Jiro Ono, Star Of 'Jiro Dreams Of Sushi,' Contemplates The End Of Sushi As We Know It

Top Japanese sushi chef Jiro Ono (L) listens to his son, Yoshikazu Ono (R), while attending a press conference at the Foreign
Top Japanese sushi chef Jiro Ono (L) listens to his son, Yoshikazu Ono (R), while attending a press conference at the Foreign Correspondents' Club (FCC) in Tokyo on November 4, 2014. The 84-year-old senior Ono, who has reputedly wowed US President Barack Obama to call him the best in the world, warns of a sea change in materials for the food due to overfishing, especially of tuna. AFP PHOTO / TOSHIFUMI KITAMURA (Photo credit should read TOSHIFUMI KITAMURA/AFP/Getty Images)

Good luck chowing down on your favorite piece of toro when all the tuna are gone.

Jiro Ono, star of the acclaimed documentary "Jiro Dreams Of Sushi" and owner of what many consider to be the world's best sushi restaurant, has warned that many of the ingredients used in traditional sushi may soon disappear, thanks to rampant overfishing.

"I told my young men three years ago sushi materials will totally change in five years," Ono said Tuesday at an event at the Foreign Correspondents Club of Japan. "And now, such a trend is becoming a reality little by little."

Many of the ocean's fisheries are on the brink of collapse as populations of some of the most well-known fish species plummet. Earlier this year, the body that monitors bluefin tuna in the Pacific Ocean recommended drastic cuts to catch limits as populations plunged to just 8 percent of their original levels. 80 percent of the world's bluefin is consumed by the Japanese and demand elsewhere is only growing.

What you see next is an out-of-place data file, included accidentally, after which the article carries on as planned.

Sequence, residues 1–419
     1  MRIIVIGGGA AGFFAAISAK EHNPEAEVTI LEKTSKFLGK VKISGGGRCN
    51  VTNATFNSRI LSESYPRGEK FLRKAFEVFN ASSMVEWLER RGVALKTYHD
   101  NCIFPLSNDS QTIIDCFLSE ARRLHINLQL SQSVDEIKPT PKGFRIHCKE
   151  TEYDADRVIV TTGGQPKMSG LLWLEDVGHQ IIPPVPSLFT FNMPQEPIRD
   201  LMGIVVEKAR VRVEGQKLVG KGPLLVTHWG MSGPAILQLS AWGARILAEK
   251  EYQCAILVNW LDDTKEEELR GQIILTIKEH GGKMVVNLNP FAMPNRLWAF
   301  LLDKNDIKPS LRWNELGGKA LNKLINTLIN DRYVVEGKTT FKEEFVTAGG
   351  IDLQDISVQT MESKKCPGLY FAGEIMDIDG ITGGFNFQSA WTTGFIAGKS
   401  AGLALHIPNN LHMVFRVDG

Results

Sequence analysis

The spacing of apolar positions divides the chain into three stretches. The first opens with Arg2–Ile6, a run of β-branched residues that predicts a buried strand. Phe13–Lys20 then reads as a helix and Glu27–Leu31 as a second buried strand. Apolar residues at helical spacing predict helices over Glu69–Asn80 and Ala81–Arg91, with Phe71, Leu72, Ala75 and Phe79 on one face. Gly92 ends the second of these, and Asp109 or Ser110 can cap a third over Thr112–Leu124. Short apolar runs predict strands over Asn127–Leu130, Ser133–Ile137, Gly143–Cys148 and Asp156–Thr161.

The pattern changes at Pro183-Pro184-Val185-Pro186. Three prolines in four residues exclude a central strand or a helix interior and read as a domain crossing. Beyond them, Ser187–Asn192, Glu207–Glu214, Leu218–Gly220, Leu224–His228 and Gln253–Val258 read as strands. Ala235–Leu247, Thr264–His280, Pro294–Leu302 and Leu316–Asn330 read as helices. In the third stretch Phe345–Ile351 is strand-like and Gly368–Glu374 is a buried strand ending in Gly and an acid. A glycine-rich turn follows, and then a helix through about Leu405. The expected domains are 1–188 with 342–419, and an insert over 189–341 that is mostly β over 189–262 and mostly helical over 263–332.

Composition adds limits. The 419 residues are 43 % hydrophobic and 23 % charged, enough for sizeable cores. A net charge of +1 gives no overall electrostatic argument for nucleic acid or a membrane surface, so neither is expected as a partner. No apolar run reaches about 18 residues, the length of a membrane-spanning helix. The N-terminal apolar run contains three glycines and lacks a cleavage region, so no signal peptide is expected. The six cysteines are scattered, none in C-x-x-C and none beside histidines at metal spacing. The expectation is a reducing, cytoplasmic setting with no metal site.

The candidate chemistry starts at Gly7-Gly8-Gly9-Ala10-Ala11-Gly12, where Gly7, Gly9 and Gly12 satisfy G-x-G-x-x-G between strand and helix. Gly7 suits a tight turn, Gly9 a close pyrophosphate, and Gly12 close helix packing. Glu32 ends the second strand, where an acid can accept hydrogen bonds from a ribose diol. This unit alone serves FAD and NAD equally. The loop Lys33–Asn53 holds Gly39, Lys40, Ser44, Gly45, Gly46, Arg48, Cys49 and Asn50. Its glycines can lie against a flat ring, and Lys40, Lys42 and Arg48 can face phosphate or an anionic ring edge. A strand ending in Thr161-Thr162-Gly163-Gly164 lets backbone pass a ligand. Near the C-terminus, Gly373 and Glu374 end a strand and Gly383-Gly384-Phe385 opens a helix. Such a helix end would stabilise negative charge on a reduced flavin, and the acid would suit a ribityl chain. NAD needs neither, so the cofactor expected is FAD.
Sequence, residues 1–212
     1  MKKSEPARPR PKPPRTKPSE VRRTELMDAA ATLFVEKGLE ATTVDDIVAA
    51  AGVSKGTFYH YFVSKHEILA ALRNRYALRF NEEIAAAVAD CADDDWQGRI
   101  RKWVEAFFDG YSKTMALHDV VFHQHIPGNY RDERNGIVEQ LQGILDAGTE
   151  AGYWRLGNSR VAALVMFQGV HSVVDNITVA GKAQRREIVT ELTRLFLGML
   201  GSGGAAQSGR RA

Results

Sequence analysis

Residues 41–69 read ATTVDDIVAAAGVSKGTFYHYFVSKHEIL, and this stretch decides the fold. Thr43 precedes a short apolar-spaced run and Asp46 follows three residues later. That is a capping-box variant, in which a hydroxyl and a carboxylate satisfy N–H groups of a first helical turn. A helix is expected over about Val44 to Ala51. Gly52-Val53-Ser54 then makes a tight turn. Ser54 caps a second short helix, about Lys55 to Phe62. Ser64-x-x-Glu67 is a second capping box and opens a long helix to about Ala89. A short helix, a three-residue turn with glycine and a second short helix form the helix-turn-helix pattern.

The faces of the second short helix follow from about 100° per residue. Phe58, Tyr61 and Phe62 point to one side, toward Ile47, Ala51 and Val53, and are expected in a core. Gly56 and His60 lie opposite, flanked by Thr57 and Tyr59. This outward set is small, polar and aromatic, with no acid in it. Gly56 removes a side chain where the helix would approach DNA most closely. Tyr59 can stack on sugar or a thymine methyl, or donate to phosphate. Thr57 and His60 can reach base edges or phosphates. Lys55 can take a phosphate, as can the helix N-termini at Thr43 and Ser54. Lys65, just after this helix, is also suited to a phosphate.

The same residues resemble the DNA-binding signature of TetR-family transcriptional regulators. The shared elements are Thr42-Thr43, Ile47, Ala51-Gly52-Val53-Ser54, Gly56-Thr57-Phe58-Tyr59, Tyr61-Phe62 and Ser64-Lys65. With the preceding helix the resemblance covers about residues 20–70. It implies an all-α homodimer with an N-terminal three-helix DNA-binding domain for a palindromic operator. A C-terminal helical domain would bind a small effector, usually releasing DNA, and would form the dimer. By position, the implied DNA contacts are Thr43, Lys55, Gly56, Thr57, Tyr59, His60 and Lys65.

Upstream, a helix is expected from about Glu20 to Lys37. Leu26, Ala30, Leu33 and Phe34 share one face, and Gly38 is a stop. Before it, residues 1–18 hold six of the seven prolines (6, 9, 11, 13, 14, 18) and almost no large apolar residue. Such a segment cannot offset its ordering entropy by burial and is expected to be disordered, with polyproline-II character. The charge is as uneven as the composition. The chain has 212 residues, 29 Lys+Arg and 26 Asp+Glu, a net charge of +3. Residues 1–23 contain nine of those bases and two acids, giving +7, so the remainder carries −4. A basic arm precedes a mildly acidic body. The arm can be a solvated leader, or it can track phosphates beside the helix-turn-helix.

This infographic, created by OCEAN2012, shows how catches of Bluefin tuna, Atlantic salmon and cod have been plummeting over the last few decades as fish populations collapse. (To see an enlarged version of this graphic, click here.)

Ono's three Michelin-starred restaurant, Sukiyabashi Jiro, has served the likes of President Obama and Katy Perry. But the traditional spread of fatty tuna, eel and shellfish may soon be forced to give way to the bane of any fishmonger -- farmed seafood.

"I can't imagine at all that sushi in the future will be made of the same materials we use today," Ono said.

Some nations have taken their oceans back from commercial fisheries, including Kiribati and Palau, which have both announced plans to create some of the world's largest marine sanctuaries in an attempt to save beleaguered species and encourage eco-tourism. Obama also announced the world's largest protected reserve, a full 490,000 square miles in the Pacific Ocean, earlier this year.



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